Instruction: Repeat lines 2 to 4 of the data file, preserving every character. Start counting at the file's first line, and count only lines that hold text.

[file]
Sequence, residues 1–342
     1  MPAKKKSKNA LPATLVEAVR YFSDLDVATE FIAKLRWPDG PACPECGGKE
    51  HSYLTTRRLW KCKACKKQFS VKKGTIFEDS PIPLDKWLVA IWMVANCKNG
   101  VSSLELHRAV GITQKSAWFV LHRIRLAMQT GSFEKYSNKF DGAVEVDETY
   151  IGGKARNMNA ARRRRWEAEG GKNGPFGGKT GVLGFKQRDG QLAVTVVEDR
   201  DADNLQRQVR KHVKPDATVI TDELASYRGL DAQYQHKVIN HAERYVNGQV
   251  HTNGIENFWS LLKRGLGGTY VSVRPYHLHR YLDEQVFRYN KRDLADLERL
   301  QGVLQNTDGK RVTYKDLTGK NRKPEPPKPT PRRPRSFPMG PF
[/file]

     1  MPAKKKSKNA LPATLVEAVR YFSDLDVATE FIAKLRWPDG PACPECGGKE
    51  HSYLTTRRLW KCKACKKQFS VKKGTIFEDS PIPLDKWLVA IWMVANCKNG
   101  VSSLELHRAV GITQKSAWFV LHRIRLAMQT GSFEKYSNKF DGAVEVDETY